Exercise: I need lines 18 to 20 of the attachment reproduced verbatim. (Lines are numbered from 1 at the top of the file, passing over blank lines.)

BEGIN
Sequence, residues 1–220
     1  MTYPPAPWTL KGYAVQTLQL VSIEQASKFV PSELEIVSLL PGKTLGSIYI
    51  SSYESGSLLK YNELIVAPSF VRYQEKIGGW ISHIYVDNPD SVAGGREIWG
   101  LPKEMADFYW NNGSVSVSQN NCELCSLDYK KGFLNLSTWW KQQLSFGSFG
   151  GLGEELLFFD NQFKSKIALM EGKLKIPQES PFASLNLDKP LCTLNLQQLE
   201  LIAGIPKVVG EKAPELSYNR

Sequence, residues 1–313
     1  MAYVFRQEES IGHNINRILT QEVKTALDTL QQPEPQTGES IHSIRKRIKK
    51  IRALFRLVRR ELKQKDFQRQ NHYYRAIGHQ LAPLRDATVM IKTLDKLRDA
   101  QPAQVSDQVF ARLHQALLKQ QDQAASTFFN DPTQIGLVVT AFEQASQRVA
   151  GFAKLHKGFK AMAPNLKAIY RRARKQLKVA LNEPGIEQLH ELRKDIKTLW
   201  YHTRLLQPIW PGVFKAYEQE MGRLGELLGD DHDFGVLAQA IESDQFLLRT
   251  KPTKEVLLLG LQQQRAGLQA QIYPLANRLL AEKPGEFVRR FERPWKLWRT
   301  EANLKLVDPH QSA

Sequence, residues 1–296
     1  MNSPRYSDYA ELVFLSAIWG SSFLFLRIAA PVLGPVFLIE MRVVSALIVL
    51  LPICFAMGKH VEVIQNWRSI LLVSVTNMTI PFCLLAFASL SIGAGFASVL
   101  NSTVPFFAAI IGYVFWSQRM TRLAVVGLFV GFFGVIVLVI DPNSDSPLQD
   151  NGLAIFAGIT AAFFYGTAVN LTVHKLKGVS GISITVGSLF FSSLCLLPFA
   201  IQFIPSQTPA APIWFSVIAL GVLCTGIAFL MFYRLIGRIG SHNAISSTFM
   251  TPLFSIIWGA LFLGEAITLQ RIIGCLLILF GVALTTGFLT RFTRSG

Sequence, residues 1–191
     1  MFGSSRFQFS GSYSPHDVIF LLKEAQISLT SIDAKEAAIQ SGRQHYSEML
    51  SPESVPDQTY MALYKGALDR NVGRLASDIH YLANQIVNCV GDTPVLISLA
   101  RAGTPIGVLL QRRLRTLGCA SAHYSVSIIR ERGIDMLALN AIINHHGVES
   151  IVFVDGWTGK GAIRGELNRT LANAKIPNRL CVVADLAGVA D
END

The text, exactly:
   101  NSTVPFFAAI IGYVFWSQRM TRLAVVGLFV GFFGVIVLVI DPNSDSPLQD
   151  NGLAIFAGIT AAFFYGTAVN LTVHKLKGVS GISITVGSLF FSSLCLLPFA
   201  IQFIPSQTPA APIWFSVIAL GVLCTGIAFL MFYRLIGRIG SHNAISSTFM